(Memphis) Along the trolley line on South Main Street, the Chisca Hotel feebly stands eight stories tall.
The 100-year-old building is an eyesore after decades of neglect, but many hope the Chisca's historical significance in music could help restore it to prominence.
Jack Parnell, a longtime voice over artist was a disc jockey at the old WHBQ radio in the Chisca, "It's kind of sad to see what has happened down here because of so many things we made happen, especially Dewey(Phillips) made happen here."
The Chisca's mezzanine was the broadcast base for the station's "Red, Hot, and Blue" program.
It was from here Dewey Phillips gave a record a test spin in 1954 forever changing music.
The song was "That's all right" and the singer was an unknown artist and teenager named Elvis Presley.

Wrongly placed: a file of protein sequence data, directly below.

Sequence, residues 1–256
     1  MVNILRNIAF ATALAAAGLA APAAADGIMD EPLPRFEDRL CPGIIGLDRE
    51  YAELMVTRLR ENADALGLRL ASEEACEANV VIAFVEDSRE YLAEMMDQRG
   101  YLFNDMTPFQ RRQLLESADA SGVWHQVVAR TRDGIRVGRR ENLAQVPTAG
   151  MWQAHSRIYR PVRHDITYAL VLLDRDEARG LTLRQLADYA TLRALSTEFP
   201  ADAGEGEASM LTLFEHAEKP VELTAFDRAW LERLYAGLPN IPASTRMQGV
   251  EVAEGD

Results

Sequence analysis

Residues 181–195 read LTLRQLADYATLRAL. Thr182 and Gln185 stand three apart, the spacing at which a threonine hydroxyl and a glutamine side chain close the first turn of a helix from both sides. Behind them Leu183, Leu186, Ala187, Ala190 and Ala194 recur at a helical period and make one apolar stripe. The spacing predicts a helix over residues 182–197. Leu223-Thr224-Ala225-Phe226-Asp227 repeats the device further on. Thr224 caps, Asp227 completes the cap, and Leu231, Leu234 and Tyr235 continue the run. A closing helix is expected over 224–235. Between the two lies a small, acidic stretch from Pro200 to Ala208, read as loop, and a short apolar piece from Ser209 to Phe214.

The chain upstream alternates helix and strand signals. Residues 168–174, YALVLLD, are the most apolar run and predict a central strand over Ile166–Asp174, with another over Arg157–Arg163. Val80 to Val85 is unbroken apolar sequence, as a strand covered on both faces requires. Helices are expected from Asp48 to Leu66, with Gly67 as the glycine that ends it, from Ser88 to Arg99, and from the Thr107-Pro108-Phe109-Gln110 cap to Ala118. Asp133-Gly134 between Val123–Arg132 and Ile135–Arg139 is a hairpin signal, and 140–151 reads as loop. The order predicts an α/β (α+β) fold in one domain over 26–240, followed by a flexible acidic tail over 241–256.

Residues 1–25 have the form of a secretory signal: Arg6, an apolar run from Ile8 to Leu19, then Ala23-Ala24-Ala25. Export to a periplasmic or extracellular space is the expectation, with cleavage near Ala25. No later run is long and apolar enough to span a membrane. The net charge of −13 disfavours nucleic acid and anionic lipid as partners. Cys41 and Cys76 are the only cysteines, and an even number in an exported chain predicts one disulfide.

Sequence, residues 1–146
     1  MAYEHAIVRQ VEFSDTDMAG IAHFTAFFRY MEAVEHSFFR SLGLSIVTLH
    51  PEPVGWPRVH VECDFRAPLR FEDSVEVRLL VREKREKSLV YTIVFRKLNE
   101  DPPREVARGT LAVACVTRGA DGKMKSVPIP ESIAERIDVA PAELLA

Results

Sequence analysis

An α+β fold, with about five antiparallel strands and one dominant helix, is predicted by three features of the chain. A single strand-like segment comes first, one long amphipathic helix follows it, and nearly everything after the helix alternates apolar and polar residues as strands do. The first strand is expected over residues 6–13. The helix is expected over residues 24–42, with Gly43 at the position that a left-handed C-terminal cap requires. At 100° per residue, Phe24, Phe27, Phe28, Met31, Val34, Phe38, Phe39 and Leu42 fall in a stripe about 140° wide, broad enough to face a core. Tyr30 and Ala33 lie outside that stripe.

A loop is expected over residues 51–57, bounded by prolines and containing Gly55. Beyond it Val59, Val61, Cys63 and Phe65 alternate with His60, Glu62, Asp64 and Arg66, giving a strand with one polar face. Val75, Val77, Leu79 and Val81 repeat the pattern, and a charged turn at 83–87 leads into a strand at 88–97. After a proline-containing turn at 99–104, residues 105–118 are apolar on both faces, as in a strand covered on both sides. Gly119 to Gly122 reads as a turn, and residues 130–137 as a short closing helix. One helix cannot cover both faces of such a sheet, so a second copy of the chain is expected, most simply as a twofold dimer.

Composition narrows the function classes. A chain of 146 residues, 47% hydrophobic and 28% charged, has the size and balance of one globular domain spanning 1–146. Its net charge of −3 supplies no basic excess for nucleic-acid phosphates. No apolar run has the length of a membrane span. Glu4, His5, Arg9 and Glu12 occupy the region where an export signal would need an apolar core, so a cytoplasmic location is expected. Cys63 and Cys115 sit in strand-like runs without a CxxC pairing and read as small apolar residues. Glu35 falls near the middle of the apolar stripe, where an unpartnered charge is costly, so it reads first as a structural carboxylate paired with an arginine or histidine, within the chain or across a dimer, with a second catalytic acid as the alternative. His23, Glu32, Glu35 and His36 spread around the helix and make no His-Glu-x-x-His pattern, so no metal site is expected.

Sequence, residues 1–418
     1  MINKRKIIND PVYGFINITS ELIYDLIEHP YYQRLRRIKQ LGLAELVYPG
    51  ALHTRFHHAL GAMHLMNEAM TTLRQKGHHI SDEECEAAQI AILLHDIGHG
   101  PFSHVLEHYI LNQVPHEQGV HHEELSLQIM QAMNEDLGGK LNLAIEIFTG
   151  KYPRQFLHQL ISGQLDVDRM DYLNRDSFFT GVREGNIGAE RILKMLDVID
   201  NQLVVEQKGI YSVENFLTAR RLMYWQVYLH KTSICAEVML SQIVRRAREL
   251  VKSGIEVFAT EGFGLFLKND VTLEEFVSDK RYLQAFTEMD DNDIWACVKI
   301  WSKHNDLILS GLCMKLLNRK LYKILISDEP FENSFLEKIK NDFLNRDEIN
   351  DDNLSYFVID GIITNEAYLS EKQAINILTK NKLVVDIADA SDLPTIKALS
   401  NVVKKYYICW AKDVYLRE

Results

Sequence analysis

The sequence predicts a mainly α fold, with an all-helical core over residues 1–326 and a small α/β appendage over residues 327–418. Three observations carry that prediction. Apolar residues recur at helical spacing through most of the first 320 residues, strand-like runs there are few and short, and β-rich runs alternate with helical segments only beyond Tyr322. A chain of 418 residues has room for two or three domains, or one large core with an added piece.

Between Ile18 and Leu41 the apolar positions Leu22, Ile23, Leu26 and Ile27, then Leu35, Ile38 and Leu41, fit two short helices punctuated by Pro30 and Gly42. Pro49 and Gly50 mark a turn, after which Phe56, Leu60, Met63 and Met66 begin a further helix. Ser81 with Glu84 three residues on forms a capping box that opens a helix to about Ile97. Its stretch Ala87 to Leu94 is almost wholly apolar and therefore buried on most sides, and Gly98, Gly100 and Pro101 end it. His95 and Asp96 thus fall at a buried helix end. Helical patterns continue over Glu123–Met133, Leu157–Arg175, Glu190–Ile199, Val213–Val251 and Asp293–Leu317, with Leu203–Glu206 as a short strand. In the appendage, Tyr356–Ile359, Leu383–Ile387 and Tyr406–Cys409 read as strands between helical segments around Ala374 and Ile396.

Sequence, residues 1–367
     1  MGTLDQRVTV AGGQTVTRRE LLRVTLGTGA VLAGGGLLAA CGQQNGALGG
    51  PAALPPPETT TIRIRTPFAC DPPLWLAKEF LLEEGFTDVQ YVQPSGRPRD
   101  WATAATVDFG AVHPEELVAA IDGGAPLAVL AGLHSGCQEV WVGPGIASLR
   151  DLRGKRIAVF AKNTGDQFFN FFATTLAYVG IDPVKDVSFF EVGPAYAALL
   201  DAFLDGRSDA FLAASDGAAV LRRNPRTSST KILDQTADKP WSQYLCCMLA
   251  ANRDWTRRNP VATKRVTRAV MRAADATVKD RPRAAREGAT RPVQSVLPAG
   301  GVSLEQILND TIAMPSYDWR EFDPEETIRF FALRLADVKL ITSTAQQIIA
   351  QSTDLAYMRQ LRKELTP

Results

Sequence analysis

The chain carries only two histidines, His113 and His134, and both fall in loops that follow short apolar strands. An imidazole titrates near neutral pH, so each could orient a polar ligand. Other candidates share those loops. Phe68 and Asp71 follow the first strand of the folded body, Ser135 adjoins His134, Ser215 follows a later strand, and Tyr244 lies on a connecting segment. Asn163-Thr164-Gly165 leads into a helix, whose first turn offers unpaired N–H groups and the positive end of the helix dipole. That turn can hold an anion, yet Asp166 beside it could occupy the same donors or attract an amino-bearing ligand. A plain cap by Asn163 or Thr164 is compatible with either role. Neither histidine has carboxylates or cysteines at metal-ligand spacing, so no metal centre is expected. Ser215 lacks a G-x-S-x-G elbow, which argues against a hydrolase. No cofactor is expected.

"Of course Dewey was the guy it was all about because he was the first person in the world to play the Elvis record, Parnell said.
It was a record many say started Rock 'n Roll and that history is why filmmaker Mike McCarthy wants these old studios preserved and turned into a museum.
"It's about saving Memphis history, radio history, Rock 'n Roll history and American history," McCarthy said.
McCarthy, along with promoter Rachel Hurley of Kangaroo, a friend of MTV, and the online music fundraiser, Pledgemusic.com, is producing a video to help raise money for the project, "This room needs to be excavated just as it is and taken downstairs to the lobby and put back together again so that tourists, people hundreds of years from now, can come in and observe this room."
A Memphis development group led by Terry Lynch now owns the Chisca.
The group plans to turn the Chisca into 150 apartments that could also house the museum.
"We just don't want to see it get thrown in the dumpster and done away with because a lot of people want to preserve it," Lynch said.
It's an effort to preserve the history of Memphis being the birthplace of Rock 'n Roll and how one radio station studio shared that creation with the world.